To be completely honest, there was a time, early in my career, when I rejected the idea of establishing practice values and a practice vision.
The whole idea struck me as being some kind of “hocus-pocus.” “Don’t waste my time!” and “Let’s talk about what really matters,” I told my first practice consultant. And so, like many of my colleagues, I avoided this seemingly meaningless exercise and instead went about the task of establishing manageable systems that I successfully micromanaged for my first few years of practice.
Within a short period of time, I began to experience staff-related issues; the kind of issues that keep us awake at night. Moral was low and turnover was high. My first reaction was to blame the staff; obviously I had chosen poorly when hiring. My next reaction was to blame the problem on bad luck; as if luck had anything to with it. Finally, I decided that quality staff was just nowhere to be found.
What I couldn’t understand was how some of my colleagues (the “lucky” doctors) were able to continually attract and retain competent, reliable staff. I envied these doctors and could not help but notice that they also had the most enviable practices. It wasn’t until I knew more and looked deeper that I discovered their secrets to success. To my surprise and dismay, I soon realized that these successful doctors had embraced the very concepts that I had previously rejected. Their willingness to embrace and emphasize practice values and vision were fundamental to their success.
What I now realize is that an organization without values or vision will eventually descend into anarchy. It is also important to acknowledge the distinction between written values/vision statements that exist in obscurity on an office wall from those that are referenced daily in a healthy organizational environment.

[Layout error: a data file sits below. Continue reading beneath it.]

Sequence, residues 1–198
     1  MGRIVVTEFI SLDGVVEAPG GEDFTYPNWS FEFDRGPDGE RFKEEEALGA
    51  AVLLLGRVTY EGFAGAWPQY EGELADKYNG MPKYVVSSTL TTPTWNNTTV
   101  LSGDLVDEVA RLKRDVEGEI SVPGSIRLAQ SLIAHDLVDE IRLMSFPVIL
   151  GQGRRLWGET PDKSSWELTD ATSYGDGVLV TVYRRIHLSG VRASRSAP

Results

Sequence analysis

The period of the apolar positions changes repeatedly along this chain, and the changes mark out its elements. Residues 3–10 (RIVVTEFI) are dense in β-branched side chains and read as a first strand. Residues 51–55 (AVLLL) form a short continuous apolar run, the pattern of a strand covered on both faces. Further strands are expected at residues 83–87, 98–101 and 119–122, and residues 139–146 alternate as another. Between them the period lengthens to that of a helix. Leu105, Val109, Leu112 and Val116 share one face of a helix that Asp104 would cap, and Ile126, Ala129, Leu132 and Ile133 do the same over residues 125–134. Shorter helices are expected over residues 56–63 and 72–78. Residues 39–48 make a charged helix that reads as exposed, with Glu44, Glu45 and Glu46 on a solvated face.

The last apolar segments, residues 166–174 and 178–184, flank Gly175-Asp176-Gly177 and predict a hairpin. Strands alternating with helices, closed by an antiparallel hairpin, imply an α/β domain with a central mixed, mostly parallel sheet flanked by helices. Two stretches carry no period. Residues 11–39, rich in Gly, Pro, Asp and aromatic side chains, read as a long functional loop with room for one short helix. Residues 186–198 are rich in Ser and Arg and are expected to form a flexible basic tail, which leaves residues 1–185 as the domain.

As leaders, we create essential, internal guidelines for our staff when we bring our values and vision to life. Vision drives our teams toward a common goal, while values provide the guidelines for how we work together to achieve the goal. Organizations without demonstrable values and vision exist in a state of chaos, because team members, having no shared guidelines, are left to their own interpretation of what is valued and what must be achieved. In the absence of shared guidelines, each team member creates their own internal operating system, which ultimately dictates their actions. It is this inconsistency of thought and action that creates anarchy within organizations.
Imagine, if you will, a football team trying to score a touchdown with no set plays and the entire team blindfolded. Imagine the extreme degree of chaos and eventual disillusionment of each player as they are motivated to win but lack a vision of the goal and the guidelines for team interaction. Now apply this analogy to our organizations and we, hopefully, can begin to understand why we lose staff.
More importantly, we can begin to question our previous assumption that quality staff is nowhere to be found. Perhaps we have found them. Perhaps we have them working for us at this very moment. Perhaps we are not giving them what they need. Perhaps we are creating the problem!
Take a look practice. Do you have demonstrable values and vision or do you exist in a state of chaos?